I selectively chose the dimmable fixtures for my trial with LEDs because dimmable CFLs do such a poor job. Secondly, LEDs are pretty directional, and these 40 W LEDs replace 40 W incandescent directional floodlamps. At $18/bulb, I did have to be selective where & how often I used them.
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Old 10-20-2010, 07:33 PM   #7 (permalink)
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CFLs are hazardous waste, and need to be disposed of properly - not thrown in the trash. You can take dead CFLs to Home Depot, and they'll dispose of them properly, for free. On a related note, lots of electronics retailers accept dead rechargeable batteries for recycling.

I like LEDs where I only need a handful of lumens. I've got one lighting up my desk and keyboard. It's an LED sidemarker bulb in a Honda Insight socket, powered straight off my computer's +12V rail.
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Old 10-20-2010, 08:25 PM   #8 (permalink)
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They (hopefully) recover the mercury to be reused in other bulbs. And guess what the coal that we burn to make electricity contains? Begins with 'm' ends with 'y' -- you save enough electricity using CFL's to more than offset the mercury contained in them. It is about 3mg per bulb.

1000Bulbs.com has stopped selling *all* dimmable CFL's -- I strongly suspect because they don't work very well. I have some, but we rarely dim 'em, so I think I just swap out the dimmers for switches...

Some LED's are not dimmable either.
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Old 10-21-2010, 12:54 AM   #9 (permalink)
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I have a fixture in my kitchen with six 50w halogen light bulbs. It has great light but uses too much power. For the past year I have been experimenting with different LED replacement bulbs. So far the best is a 3 watt bulb that has white, not bluish light.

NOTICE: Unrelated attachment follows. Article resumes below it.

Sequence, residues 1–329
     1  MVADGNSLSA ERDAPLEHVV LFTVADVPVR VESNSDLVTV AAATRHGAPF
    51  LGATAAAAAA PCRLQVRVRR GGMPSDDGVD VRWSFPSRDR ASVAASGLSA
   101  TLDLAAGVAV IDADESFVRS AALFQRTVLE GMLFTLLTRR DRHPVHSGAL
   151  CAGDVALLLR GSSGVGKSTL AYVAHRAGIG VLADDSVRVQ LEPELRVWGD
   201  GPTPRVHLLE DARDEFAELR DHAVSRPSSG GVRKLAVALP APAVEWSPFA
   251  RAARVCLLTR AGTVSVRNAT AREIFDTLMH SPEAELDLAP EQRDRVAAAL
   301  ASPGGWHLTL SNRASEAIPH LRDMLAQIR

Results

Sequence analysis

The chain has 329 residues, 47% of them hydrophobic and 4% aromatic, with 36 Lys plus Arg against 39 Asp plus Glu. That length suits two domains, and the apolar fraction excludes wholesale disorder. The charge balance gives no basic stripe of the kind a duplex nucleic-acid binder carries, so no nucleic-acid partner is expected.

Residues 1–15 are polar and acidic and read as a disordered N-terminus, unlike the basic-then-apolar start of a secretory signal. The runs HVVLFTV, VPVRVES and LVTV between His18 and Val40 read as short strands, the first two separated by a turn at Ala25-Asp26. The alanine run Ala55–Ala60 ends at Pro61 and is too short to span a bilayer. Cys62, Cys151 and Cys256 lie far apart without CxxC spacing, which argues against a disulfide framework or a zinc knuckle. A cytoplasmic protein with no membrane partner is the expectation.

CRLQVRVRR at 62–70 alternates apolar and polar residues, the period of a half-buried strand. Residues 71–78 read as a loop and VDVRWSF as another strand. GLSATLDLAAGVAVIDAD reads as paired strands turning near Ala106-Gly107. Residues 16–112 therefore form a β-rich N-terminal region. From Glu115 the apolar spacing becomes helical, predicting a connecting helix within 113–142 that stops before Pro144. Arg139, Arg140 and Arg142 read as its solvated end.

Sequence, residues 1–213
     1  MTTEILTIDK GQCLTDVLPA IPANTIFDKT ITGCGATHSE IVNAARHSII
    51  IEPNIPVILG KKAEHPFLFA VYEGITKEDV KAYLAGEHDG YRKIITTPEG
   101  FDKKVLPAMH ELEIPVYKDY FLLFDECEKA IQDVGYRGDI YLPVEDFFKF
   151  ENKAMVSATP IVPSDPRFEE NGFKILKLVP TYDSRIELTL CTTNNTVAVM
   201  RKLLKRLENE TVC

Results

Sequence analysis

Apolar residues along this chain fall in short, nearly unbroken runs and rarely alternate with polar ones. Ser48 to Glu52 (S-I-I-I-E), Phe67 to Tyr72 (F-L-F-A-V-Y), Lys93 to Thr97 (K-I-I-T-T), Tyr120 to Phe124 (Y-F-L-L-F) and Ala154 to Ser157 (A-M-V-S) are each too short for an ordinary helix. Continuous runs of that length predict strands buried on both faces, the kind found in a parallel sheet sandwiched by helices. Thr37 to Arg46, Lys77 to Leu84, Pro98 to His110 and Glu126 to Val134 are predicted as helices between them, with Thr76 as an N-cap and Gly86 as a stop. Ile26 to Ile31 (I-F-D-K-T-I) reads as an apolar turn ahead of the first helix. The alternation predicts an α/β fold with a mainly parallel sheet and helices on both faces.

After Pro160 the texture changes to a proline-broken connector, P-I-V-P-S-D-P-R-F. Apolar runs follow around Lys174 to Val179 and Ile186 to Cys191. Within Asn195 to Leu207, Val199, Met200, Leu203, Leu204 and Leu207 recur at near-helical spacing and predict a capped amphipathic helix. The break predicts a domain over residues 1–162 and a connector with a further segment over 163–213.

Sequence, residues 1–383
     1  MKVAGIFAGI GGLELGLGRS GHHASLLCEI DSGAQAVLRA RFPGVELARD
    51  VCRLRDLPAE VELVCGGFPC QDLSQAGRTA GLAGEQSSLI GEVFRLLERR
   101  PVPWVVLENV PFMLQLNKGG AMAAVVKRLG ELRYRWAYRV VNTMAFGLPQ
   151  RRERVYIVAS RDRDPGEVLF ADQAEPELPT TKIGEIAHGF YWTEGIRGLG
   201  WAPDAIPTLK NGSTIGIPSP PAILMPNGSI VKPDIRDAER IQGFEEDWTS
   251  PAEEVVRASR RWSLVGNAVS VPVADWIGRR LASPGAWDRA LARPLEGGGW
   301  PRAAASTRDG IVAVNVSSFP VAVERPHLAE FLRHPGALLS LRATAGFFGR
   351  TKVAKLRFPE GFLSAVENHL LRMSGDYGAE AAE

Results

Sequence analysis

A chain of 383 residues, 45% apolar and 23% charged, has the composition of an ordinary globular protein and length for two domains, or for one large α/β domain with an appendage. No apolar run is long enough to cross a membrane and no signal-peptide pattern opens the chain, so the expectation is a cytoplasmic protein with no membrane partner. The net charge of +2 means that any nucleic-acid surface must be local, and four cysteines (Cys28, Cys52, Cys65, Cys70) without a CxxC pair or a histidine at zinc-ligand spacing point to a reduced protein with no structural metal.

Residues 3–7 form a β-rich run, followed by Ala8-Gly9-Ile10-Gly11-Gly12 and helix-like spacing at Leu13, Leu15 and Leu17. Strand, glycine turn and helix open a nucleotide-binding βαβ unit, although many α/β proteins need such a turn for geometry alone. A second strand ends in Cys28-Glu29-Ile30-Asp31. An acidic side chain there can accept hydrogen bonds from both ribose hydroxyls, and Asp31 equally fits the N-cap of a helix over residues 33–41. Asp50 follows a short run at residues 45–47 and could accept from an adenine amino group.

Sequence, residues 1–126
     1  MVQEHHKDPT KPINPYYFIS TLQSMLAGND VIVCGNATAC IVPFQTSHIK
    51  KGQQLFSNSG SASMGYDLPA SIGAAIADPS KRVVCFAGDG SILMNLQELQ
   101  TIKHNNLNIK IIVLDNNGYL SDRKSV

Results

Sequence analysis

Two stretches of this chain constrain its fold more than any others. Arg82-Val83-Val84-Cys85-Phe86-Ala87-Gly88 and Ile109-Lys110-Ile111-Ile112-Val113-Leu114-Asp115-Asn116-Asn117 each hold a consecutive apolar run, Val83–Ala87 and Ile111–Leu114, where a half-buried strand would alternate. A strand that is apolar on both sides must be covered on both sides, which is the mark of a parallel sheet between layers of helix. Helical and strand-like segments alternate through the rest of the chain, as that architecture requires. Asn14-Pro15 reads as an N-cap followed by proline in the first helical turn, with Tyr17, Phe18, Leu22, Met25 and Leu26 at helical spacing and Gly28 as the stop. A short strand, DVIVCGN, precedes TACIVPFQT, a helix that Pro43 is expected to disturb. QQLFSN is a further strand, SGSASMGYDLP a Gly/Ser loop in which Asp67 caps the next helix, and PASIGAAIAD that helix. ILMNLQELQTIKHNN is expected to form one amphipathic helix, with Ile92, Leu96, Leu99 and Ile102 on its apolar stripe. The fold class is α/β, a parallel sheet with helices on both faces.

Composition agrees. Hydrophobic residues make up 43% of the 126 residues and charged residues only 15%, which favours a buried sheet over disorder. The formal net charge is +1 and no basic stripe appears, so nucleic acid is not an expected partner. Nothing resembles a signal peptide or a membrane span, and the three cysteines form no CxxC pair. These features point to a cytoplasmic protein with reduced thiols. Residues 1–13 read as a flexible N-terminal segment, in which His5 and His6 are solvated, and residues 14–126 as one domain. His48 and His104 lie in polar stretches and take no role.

Unfortunately the early LED bulbs did not last as long as claimed due to overheating the kryponite of LED bulbs. So if you see any LED bulbs without heat sinks surrounding the LED be careful.

I remember seeing a Mythbusters show comparing bulbs LED bulbs, to CFL's and incandect are not adversly effected by frequently turning lights off, then on.

I still think LED bulbs need to drop in price, and increase output, before CFL's will go the way of the typerwriter repairman.

The Federal Trade Commission last Wednesday brought a suit against an LED bulb manufacturer, Lights of America, for exaggerating the light output and expected life of its LED bulbs.

Here's a link to a good comparison article in CNET:
LED bulbs in the home: So far, so good | Green Tech - CNET News
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Old 10-21-2010, 01:28 AM   #10 (permalink)
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DealExtreme: $14.00 E27 6W 6-LED 540-Lumen 6000K White Light Bulb (85~265V AC)

That is very tempting, 6W at 90lm/W for $14 shipped. Shame most of the light fittings in this house are bayonet instead of edison screw. I might buy one and see if it's worth the hassle of replacing fittings.